The frequentist confidence interval of 95% is constructed so that at least 95% of the times the interval contructed contains the true value. So far so good. This being said you can also compute the probability (or the value of the density) of getting a particular confidence interval if the null hypothesis is true. The exact location contains more "information" than just whether it included the null hypothesis. Throwing away that information is bad when using Bayesian inference as it relevant to the probability of the null being true. –  Erik Jul 12 '12 at 6:42
A toy example would be this: Bayesian inference, you want to make inference toward the form of a distribution. Prior allows two possibilites : H1: Distribution is standard normal. H2: Distribution normal, mean = sd = 1. A sample of the values of the distributions allows you to update your prior. When you are given just the signs of your values you can also update your prior, but the update will be less informative since you threw away relevant information. –  Erik Jul 12 '12 at 6:51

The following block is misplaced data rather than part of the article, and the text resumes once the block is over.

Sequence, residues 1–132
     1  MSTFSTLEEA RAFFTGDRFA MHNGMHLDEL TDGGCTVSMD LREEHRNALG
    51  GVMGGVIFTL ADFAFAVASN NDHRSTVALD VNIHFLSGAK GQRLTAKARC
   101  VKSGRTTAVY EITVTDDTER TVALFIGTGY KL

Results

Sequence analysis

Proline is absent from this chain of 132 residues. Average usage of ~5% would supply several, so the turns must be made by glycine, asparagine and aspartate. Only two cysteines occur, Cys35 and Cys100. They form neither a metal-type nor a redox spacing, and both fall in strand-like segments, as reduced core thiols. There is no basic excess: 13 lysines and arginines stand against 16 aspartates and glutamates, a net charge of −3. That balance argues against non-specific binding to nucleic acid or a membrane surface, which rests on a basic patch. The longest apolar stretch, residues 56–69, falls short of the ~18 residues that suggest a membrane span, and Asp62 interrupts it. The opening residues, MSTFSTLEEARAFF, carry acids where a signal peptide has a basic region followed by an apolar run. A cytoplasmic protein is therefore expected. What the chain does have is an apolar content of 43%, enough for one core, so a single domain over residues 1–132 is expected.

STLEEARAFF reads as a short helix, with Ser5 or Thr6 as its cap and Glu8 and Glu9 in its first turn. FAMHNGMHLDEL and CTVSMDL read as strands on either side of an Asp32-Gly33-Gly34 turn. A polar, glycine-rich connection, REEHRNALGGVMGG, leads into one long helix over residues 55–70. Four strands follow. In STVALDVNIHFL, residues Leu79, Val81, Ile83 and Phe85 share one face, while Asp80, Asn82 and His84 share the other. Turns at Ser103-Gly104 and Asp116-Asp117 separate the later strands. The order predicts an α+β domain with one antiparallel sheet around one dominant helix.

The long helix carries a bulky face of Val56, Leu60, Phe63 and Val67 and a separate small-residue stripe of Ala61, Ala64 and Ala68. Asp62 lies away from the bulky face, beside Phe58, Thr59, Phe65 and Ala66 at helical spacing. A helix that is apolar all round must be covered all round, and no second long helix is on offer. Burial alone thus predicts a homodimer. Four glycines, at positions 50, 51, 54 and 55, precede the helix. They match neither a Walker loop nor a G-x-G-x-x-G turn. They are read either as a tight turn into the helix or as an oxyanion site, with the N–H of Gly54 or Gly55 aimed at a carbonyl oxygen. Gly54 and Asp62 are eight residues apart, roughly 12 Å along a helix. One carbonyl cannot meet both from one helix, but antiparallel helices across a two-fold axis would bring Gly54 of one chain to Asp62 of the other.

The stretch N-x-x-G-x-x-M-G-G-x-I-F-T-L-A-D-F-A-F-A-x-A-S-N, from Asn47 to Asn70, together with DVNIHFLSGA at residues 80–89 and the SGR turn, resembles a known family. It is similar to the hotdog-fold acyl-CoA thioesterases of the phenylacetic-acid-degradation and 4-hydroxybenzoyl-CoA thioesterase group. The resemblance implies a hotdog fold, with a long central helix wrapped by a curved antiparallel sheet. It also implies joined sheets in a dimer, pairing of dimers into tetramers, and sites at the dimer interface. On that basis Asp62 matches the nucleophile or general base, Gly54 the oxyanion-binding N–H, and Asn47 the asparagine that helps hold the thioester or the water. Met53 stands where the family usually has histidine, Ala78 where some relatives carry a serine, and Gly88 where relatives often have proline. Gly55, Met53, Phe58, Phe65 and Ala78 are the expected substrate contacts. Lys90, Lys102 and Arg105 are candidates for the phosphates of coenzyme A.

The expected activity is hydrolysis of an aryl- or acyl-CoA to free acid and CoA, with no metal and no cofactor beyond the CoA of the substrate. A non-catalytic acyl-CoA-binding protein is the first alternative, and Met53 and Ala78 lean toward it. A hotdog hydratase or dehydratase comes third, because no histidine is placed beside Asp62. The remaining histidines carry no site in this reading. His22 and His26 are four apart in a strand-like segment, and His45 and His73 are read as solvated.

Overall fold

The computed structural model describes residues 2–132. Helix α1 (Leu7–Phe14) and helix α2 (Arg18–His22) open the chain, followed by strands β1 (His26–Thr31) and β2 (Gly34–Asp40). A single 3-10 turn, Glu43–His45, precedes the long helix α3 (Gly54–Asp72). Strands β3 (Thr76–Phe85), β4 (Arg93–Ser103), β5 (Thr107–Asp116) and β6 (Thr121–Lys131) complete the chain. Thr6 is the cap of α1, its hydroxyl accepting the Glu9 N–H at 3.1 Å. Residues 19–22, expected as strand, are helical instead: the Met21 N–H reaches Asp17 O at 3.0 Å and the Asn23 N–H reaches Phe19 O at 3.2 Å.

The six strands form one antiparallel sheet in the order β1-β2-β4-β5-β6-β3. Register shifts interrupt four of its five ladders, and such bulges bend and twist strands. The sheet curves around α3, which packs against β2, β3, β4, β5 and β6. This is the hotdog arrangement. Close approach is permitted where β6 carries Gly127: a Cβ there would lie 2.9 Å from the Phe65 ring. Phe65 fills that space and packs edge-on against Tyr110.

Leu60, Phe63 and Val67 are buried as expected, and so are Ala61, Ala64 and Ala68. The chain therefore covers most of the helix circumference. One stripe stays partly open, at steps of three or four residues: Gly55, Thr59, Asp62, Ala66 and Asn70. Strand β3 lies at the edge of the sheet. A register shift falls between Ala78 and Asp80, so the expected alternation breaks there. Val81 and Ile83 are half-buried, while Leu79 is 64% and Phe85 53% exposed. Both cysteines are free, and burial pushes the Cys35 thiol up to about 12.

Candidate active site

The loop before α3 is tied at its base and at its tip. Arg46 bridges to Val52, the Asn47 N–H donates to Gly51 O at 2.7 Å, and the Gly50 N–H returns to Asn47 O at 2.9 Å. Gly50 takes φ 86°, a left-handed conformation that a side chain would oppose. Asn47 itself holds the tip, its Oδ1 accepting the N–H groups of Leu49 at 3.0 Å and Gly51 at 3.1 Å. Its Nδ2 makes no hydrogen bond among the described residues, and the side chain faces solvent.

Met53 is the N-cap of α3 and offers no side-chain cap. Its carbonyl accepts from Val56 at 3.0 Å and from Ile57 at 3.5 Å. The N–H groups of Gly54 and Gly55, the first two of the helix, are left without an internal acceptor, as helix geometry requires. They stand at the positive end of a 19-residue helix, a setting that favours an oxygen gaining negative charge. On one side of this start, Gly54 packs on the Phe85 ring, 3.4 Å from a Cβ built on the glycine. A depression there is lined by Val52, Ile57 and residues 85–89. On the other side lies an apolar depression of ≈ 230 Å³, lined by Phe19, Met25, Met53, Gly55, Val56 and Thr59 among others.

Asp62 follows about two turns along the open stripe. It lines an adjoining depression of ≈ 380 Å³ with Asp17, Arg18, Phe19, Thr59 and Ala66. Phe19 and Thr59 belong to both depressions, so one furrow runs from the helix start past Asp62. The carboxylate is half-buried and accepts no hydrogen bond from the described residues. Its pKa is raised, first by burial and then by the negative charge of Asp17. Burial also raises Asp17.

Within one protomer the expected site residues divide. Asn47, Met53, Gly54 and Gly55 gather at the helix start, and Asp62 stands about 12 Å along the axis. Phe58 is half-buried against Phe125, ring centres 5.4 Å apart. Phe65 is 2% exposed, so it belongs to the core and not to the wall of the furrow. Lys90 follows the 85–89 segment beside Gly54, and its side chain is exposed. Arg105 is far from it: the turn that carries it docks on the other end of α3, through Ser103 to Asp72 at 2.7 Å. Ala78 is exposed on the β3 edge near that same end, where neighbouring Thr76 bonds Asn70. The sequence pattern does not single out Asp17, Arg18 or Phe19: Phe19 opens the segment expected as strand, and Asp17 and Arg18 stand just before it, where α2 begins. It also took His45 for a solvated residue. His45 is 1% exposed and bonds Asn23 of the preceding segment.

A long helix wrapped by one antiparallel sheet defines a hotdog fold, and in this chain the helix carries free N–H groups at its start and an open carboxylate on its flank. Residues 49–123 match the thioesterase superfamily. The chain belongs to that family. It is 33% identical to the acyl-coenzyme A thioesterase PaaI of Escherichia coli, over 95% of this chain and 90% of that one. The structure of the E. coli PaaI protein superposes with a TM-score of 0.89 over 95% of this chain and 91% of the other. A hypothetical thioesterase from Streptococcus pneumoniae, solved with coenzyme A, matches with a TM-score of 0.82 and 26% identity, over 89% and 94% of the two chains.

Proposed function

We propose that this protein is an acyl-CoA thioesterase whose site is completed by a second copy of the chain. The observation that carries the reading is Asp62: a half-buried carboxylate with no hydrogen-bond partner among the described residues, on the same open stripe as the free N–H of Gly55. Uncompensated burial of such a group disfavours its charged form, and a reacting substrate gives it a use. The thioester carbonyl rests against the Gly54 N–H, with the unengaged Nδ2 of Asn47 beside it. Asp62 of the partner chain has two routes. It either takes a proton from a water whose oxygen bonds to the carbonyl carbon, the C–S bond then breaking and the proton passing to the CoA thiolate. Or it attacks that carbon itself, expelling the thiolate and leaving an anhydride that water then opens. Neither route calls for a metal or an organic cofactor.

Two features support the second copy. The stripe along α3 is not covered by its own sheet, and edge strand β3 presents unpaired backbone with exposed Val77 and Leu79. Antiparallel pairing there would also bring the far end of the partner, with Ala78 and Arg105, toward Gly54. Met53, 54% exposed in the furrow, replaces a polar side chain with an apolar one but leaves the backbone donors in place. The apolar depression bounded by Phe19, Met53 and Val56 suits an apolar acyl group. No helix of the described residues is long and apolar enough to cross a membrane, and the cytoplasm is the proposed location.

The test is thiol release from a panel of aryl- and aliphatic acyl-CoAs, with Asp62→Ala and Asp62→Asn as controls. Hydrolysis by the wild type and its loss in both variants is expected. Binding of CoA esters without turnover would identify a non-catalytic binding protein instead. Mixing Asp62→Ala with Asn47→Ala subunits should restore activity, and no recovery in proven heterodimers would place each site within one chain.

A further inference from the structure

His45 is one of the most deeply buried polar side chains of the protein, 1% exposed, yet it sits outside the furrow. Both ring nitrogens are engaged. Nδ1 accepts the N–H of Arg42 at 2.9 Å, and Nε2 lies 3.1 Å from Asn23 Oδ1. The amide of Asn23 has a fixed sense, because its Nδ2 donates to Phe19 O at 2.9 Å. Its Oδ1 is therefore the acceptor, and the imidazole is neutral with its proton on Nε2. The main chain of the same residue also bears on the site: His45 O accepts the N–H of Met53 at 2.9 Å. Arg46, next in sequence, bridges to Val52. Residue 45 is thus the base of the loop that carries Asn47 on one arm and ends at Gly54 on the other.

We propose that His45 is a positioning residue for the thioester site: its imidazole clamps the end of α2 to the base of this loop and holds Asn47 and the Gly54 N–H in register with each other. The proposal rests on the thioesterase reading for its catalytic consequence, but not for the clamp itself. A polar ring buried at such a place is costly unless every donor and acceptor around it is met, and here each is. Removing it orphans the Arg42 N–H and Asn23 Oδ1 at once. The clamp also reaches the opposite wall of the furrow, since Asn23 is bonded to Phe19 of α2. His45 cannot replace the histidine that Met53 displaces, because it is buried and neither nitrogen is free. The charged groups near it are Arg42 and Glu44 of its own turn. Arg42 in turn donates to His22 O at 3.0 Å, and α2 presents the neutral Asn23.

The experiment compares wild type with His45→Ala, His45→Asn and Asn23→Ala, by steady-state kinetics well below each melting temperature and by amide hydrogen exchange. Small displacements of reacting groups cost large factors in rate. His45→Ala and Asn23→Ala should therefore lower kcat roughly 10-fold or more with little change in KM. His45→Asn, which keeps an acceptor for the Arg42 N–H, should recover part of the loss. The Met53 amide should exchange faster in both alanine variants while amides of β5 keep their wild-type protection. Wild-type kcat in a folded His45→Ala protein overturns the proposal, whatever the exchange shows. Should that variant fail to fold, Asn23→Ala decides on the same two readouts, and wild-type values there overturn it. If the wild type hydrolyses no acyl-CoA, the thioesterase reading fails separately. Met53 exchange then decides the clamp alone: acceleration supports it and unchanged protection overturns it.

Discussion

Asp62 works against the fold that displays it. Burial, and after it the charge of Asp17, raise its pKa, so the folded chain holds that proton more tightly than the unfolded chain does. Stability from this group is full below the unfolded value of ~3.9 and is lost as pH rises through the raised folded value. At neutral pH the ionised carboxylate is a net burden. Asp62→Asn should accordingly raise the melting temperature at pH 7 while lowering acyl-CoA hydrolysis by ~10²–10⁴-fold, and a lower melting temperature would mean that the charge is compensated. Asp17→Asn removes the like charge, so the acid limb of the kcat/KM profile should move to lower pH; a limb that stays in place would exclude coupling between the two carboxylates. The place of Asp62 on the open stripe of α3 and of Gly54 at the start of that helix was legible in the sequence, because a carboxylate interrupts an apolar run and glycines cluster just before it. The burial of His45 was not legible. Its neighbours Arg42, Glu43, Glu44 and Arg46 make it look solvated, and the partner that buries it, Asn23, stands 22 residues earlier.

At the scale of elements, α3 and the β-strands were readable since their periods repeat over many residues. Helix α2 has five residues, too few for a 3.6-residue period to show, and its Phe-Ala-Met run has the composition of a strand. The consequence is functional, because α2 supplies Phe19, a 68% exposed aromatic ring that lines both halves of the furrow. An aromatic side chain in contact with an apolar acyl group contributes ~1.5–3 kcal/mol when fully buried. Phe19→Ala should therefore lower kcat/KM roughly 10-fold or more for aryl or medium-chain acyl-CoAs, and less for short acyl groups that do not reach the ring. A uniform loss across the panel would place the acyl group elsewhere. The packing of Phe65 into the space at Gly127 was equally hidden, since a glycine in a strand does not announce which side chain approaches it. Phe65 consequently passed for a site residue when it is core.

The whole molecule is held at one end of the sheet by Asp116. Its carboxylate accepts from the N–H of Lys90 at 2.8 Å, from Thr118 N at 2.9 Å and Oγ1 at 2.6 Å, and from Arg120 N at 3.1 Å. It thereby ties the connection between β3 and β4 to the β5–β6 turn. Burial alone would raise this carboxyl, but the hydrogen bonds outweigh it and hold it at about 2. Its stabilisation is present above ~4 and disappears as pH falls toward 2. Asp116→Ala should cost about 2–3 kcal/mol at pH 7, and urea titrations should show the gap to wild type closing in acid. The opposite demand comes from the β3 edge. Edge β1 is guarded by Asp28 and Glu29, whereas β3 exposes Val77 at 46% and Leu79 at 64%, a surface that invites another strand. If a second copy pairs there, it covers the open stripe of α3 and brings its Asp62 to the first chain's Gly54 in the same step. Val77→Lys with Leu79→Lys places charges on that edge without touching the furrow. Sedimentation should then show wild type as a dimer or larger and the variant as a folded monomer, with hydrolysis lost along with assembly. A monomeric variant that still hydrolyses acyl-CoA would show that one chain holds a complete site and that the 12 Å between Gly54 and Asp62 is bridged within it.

This is a quite interesting philosophical issue related to hypothesis testing (and thus in the frequentist setting also confidence intervals, as I explain here).

There are, of course, a lot of hypotheses that could be investigated - passive smoking causes coronary heart disease, drinking alcohol causes chd, owning dogs causes chd, being a Capricorn causes chd...

If we choose one of all of these hypotheses at random, the probability of us choosing a hypothesis that happens to be true is virtually zero. This seems to be the argument in the quoted text - that it is very unlikely that we happened to test a true hypothesis.